McAdams On: News Puppetry

CLEVELAND, ROCKS: There used to be an old-style circus freak show on Venice Beach where a tattooed guy stood out front and barked about his two-headed turtle. It closed down recently because there is nothing stranger than reality anymore, as demonstrated by this week’s news headlines.

Among my favorites, “Cleveland TV Station Uses Puppets To Re-enact Federal Trial.” WOIO-TV in the City that Rocks found a way around courts that prohibit TV cameras by using knock-off Muppets rather than colored-pencil sketches. The station’s taken a few brickbats over the obvious satire. It’s supposed to be a serious news organization, after all. Never mind how often we hear that more people trust Jon Stewart’s version of current events than anything churned out by the serious news organizations. I’m not so sure that speaks well of anyone, but it is what it is, and Stewart has 16 Emmys to show for it.

The case being tried in Cleveland involves a former county commissioner, “hookers, gambling and “sexually transmitted diseases,” according to The Associated Press.In other words, typical night-time telly stuff. WOIO says it’s doing regular coverage during the newscast and closing it with “The Puppet’s Court.” 

“Now it’s time for our daily lampooning of the Jimmy Dimora trial,” anchor Danielle Serino says introducing day No. 2 of the puppetry. “The sometimes absurd, frequently comical, and always circus-like testimony at the heart of that corruption trial. The testimony is real, the puppets are not.”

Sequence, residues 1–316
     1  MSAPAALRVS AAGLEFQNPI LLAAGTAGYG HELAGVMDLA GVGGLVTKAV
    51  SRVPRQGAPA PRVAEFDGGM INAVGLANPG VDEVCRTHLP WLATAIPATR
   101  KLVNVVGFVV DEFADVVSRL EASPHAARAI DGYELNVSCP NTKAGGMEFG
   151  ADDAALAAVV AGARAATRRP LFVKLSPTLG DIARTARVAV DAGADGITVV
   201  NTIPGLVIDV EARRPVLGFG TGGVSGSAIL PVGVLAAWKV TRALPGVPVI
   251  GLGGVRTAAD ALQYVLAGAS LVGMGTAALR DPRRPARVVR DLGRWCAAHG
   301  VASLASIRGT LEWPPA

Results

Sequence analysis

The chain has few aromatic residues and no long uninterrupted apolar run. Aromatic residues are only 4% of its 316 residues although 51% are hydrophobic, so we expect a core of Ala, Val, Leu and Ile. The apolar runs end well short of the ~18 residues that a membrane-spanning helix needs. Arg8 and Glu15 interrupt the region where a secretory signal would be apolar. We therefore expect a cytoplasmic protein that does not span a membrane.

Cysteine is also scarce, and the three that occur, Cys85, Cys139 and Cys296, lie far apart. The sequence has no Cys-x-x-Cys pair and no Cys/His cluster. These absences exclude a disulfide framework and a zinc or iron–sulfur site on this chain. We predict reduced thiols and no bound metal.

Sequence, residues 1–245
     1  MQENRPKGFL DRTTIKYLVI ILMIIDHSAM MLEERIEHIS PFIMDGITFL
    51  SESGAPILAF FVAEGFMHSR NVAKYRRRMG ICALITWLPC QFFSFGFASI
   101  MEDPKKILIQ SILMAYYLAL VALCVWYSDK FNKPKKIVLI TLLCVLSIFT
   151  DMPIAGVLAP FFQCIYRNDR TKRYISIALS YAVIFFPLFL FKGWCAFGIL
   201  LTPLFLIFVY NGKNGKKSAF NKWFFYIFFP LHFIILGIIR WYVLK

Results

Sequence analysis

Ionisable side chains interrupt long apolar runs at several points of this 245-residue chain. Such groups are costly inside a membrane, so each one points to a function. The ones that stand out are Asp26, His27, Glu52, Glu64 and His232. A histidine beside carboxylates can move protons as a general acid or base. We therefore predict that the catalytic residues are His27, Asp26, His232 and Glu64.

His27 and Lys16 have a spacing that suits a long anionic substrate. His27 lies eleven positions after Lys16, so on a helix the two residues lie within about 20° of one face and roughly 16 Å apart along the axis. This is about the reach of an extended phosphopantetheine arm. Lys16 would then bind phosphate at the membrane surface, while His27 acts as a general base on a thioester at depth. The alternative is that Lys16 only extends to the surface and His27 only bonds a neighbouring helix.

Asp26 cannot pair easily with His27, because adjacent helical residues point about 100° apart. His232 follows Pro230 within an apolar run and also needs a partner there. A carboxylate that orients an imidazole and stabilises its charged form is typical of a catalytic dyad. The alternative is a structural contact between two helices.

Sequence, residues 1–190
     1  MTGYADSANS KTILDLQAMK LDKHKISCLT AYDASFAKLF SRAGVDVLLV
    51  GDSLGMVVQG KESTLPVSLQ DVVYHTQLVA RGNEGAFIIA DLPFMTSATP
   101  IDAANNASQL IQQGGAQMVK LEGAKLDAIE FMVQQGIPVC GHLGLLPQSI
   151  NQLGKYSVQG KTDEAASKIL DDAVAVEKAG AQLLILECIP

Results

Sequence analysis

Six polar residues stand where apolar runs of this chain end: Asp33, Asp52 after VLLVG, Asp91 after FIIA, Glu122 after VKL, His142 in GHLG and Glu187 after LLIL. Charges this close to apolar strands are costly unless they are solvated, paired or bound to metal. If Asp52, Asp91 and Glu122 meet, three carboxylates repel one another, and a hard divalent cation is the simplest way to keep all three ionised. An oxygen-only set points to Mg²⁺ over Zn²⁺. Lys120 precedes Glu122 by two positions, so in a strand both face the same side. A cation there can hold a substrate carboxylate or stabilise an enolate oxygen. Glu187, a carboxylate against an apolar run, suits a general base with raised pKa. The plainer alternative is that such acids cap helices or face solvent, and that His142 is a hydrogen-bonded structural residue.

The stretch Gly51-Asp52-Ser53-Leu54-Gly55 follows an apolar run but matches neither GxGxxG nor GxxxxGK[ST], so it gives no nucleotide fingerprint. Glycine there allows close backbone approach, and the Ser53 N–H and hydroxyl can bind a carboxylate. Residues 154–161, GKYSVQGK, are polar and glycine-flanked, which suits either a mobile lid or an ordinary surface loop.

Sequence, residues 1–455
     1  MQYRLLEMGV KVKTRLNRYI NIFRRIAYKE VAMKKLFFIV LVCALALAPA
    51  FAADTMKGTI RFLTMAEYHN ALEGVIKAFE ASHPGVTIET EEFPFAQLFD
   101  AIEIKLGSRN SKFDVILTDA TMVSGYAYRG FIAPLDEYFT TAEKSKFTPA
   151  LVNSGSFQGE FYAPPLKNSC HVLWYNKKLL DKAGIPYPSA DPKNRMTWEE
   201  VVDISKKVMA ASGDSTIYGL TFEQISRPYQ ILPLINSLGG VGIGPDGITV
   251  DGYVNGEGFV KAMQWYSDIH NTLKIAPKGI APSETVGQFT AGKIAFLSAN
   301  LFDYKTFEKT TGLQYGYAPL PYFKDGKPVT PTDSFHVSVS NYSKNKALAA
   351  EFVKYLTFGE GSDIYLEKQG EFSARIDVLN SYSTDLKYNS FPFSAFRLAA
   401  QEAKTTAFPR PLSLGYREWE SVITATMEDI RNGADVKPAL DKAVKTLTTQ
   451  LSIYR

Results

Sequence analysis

“I’m horrified,” she deadpans after the clip in which the only non-human puppet is the reporter played by a squirrel in a suit.

WOIO hasn’t said how “The Puppet’s Court” is affecting ratings. The response in social media is generally favorable. “WOIO deserves an award for this,” Jeff Ryznar tweeted. “LMAO!!! I will remove one and nine from my remote,” tweets Terminal Blues. “All local news teams should use puppets instead of court sketches,” Izizree Zulkefli tweeted. CNN’s Newsource referred to it as “#muppetational!” Kevin Lynn was less enthused, calling it a “new low for local TV.”

The Radio Television Digital News Association’s Edward Esposito is rolling with it:

“Some viewers will be outraged, saying the use of characters far more familiar to little tykes watching PBS is an abuse of the solemnity of the judicial system,” he said. “Others, including this writer, have great respect for the creative vision that uses one of the oldest forms of entertainment--and satire--to not only portray details surrounding one of the biggest public corruption cases to hit Ohio but also make a statement on the federal judiciary’s long-outdated insistence that public understanding of justice is still rooted in the time of Johannes Gutenberg and now the technology employed a thousand years ago by storytellers: puppetry.”

I’m on board, too. The behavior of public officials is more frequently absurd than not, otherwise Carl Hiaasen would not have a venerated career. The dialog coming out of the Dimora trial sounds like it’s straight out of one of Hiaasen’s best sellers.

“I don’t want ya to go down like da Spitzer,” says one puppet to another re-enacting an FBI wiretap. “I ain’t gonna bleepin’ pay for no bleep,” the other says. “That’s why he went down. Never pay for no bleep.

Imagine trying to cover that with a straight face. It’s comedy, pure and simple. The tragedy is how these guys get voted into public office in the first place. That’s what the serious investigation needs to focus on. Why do we elect clowns?

I think WOIO is on to something. If NBC4 here in Los Angeles started puppetizing high-profile trials, I and half of the rest of the city would tune in. I hope C-SPAN takes a hint.

~ Deborah D. McAdams